• 12. Berlin is the most important location for the digital economy in Germany. The city has developed an entrepreneurial ecosystem which also affords sufficient room for the success of established companies and global players. It offers digital companies a unique store of resources with a pool of highly qualified and skilled people, great networking opportunities, strong integration in the creative sector and a relatively low cost level compared to other international hubs. A couple of years ago, entrepreneurs, design freelancers and programmers congregated in the bars and cafes in Berlin Mitte or Berlin Prenzlauer Berg which offered both coffee and free wi-fi access. Over the course of time the scene has professionalized, developing co-working spaces and industry events to discuss business ideas. Most popular are the Betahaus (co-working space), The Factory (technology campus), Soho House (Private Member Club) or the St. Oberholz (meeting point for start-up staff) which provide infrastructure and even training courses. | Venture Capital a 12 nd Start-ups in Germany The institutions mentioned have become central meeting points for the local start-up community. Business angels, high net-worth individuals who provide capital or expertise to other entrepreneurs, are particularly active in the local scene in supporting young people in developing their business ideas. The ecosystem is vibrant and enables VCs to get involved in market discussion or to make contact with start-ups at an early stage. The change in the working environment reveals that Germany is in line with global digital development and has the momentum to turn innovation potential into long-term commercial success. Berlin has managed to build a culture of entrepreneurial spirit founded not only on the educational sector but also on the ability to attract global talent. This can be seen by the large influx of international professionals, e.g. in Sound-cloud and Readmill, both managed by Swedish entrepreneurs. When it comes to investments, Berlin is far ahead of region-al competitors in the rest of Germany. The large number of funding rounds for firms based in Berlin is an indicator for the creative potential of the city, with landmark ventures that attract attention on the international tech scene. However, various successful start-ups are also coming from other German ci-ties: • Munich, in the south of Germany, has a track record with start-up exits, e.g. Scout24 Group, Mytheresa, JouleX. • Hamburg, in the north of Germany, is the place for several mid-cap exits, e.g. Atlas Interactive, Delasocial, Metrigo, NuBON or Vesseltracker. • Dusseldorf, in the west of Germany, may not look like the typical start-up hub at first glance, but the exit of Trivago has been a vital sign of the area. • These examples underline the digital expertise which is widespread over the entire country. “ Berlin’s start-up scene is characterized by its internationality. There are so many founders who are not German or don’t even speak German. This makes Berlin unique and extremely competitive in Europe.” Gabriel Matuschka Partech Ventures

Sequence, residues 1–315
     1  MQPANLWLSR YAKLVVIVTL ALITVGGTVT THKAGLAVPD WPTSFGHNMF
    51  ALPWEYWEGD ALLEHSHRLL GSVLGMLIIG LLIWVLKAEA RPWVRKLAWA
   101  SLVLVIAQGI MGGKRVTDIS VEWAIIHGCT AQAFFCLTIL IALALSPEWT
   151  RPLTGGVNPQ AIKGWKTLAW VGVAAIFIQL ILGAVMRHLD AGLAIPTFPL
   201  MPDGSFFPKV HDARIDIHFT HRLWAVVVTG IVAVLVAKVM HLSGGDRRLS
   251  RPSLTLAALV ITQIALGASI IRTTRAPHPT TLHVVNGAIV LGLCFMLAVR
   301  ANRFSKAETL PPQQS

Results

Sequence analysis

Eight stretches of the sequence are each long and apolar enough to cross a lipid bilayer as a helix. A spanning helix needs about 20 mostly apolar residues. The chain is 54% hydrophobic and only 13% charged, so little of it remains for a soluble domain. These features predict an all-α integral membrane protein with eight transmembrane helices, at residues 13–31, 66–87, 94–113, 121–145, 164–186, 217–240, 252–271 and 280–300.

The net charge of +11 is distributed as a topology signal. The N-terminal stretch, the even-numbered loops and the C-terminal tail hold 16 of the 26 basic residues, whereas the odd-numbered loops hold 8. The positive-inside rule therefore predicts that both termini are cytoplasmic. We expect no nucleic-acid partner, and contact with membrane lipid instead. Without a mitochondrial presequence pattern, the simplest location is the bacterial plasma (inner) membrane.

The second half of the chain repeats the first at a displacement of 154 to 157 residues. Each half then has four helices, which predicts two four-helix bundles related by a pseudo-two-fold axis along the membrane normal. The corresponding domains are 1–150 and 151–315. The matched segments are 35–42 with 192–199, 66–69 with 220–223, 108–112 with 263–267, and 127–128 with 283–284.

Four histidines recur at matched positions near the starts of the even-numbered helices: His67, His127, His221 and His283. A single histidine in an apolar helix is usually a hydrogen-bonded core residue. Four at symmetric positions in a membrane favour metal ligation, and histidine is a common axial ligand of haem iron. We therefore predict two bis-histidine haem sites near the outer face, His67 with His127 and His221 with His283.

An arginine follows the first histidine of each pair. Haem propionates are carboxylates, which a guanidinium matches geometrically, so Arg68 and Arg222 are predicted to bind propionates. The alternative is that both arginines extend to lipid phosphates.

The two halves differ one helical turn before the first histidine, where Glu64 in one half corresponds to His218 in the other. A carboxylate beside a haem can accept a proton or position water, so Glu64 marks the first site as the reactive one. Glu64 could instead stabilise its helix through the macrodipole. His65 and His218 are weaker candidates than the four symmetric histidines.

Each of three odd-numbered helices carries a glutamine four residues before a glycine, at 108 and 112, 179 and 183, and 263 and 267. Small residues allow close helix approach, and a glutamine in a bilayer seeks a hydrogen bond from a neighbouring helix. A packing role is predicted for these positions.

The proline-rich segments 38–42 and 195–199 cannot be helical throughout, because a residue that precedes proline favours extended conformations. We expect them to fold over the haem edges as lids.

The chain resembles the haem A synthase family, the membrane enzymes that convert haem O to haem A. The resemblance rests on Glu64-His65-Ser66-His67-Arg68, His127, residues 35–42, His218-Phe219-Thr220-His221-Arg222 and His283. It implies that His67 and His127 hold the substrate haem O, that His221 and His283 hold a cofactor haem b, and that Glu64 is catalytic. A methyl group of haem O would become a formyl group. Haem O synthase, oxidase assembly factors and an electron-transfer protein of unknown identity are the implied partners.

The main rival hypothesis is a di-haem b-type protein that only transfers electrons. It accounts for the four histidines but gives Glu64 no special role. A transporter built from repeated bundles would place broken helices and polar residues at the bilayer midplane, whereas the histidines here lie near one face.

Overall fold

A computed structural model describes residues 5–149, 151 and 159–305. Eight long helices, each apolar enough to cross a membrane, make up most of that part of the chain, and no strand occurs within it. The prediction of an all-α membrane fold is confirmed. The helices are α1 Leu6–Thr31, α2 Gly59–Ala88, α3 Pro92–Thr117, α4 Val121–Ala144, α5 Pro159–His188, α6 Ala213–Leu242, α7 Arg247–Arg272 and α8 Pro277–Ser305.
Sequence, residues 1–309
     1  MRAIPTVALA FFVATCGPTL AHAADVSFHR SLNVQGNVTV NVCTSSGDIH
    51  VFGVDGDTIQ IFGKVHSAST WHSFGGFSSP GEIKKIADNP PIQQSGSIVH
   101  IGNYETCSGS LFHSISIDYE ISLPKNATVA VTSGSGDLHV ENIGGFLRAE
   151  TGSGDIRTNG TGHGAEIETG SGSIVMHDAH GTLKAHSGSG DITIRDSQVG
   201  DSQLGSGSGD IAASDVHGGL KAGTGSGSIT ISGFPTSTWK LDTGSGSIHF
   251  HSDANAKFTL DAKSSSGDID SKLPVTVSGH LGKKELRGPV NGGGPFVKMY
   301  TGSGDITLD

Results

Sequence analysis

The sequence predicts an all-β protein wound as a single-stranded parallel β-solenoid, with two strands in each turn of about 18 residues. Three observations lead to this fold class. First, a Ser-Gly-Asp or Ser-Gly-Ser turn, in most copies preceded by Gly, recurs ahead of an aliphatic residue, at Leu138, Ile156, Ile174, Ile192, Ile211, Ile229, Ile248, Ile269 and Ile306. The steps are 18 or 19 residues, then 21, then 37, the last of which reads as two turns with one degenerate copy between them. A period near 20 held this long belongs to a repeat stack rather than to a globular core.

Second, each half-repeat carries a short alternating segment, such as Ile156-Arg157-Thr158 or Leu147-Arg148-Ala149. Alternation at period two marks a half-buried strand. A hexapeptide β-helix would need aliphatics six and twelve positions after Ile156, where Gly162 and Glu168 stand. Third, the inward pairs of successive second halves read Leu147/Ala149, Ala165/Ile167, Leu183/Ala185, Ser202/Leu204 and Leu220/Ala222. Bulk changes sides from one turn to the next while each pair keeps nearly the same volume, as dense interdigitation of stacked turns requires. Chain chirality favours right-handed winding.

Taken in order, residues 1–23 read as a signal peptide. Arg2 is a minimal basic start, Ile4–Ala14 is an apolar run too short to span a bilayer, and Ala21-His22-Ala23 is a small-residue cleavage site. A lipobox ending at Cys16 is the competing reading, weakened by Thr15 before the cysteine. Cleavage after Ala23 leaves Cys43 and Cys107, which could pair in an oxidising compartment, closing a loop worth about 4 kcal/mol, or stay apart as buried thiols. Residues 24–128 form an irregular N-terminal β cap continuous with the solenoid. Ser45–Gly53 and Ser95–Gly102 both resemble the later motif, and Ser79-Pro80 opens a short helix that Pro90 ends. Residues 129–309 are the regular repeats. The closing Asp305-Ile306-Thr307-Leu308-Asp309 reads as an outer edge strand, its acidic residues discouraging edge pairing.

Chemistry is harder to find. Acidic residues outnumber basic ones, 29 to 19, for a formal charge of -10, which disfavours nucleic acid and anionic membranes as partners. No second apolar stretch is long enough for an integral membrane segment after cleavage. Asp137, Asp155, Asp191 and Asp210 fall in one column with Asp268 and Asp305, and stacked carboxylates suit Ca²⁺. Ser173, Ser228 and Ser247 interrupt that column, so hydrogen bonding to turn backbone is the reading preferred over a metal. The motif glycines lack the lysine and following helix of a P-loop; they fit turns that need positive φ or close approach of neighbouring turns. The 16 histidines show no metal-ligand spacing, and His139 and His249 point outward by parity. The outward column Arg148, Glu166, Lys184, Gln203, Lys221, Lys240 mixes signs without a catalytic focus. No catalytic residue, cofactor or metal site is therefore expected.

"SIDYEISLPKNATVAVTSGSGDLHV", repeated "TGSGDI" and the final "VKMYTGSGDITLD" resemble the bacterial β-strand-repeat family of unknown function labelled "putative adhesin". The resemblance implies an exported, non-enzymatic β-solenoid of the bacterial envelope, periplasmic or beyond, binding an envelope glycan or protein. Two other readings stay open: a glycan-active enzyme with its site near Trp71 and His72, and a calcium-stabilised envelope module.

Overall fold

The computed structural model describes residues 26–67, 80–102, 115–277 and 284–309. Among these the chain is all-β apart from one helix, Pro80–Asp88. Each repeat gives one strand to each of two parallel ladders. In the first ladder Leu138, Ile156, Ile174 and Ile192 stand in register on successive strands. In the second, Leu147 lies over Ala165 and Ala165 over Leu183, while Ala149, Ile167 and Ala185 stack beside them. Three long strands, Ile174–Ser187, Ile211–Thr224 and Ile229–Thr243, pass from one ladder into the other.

• 13. Venture Capital and Start-ups in Germany | 13 Start-up revolution across all business sectors Digitalization is shifting into traditional sectors and disrupting businesses, un­restricted by natural borders or language barriers. In general, innovation in the field of the internet and mobile business complements more traditional tech-nologies and challenges business models that have existed for decades. It is crucial to understand how to adapt to these changes and to react to the pace of innovation driving the market. A shift in market trends over recent years can be traced, indicating the high frequency of business opportunities in the digital segment. E-commerce remains the central focus of German entrepreneurs. Even though the large amount of capital invested in this sector is a result of its working capital requirements, investments are also significant in regard to business ideas that relate to fashion, home & living, travel & events or food services. One reason might be that success is fairly predictable and – in most cases – is directly linked to the marketing budgets available to the entrepreneurs: • National start-ups have a footprint in fashion. Alongside the flagship Zalando, various other ventures are trying to penetrate the sector. Their business ideas focus on niche markets such as luxury fashion, vintage clothes, second hand products or children’s fashion. • The home & living market niche has reached a mature stage. It seems that customers have come to accept purchasing design elements, home accessories or furniture via the internet which benefits players such as WestWing, Home24 or Monoqi. Top venture trends (sub-sectors and selected references) # E-commerce and marketplaces Network and communication Online and mobile services Marketing and sales services IT and other software solutions 1 Fashion • Second hand • High-street & luxury • Baby & children‘s wear Streaming services • Music streaming • Video streaming • eSports broadcasting FinTech • Online payments • Cashier systems • Peer-to-peer lending Digital analytics • User acquisition • Influencer networking • LBS marketing Big data • Real-time analytics • Predictive analytics • Credit scoring 2 Home & living • Design • Accessories • Vintage furniture Messenger services • Social messengers • Event guides • Mobile dating Personal investments • Micro payments • Crowdfunding • Bitcoin platforms Social media marketing • Second screen TV • Social voting network • Marketing automation Data privacy & security • VPN services • Remote access • Data encryption 3 Travel & events • Booking platforms • Local travel guides • Event ticketing Gaming • Mobile reality games • Virtual reality • Live sports data Online education • eLearning • Mentored courses • Job portals SEO • Management tools • SEO microsites • Enterprise services Cloud services • Dashboards • File hosting • Cloud invoicing 4 Food • Organic food • Food delivery services • Online supermarkets Health & sports • Medical directories • Fitness instructions • Health courses Transportation • Taxi services • Chauffeur services • Long-distance bus services Career development • Job engine • Social recruiting • Reputation management Testing & visualization • Crowd usability tests • App testing services • Simulation software 5 Others • Sharing economy • Art auctions • Cleaning services Others • Online gambling • Personal news • Creative cooperation Others • ID verification • Energy management • Task management Others • Digital production • Multiscreen advertising • In-game advertising Others • 3D printing • SaaS solutions • Speech analysis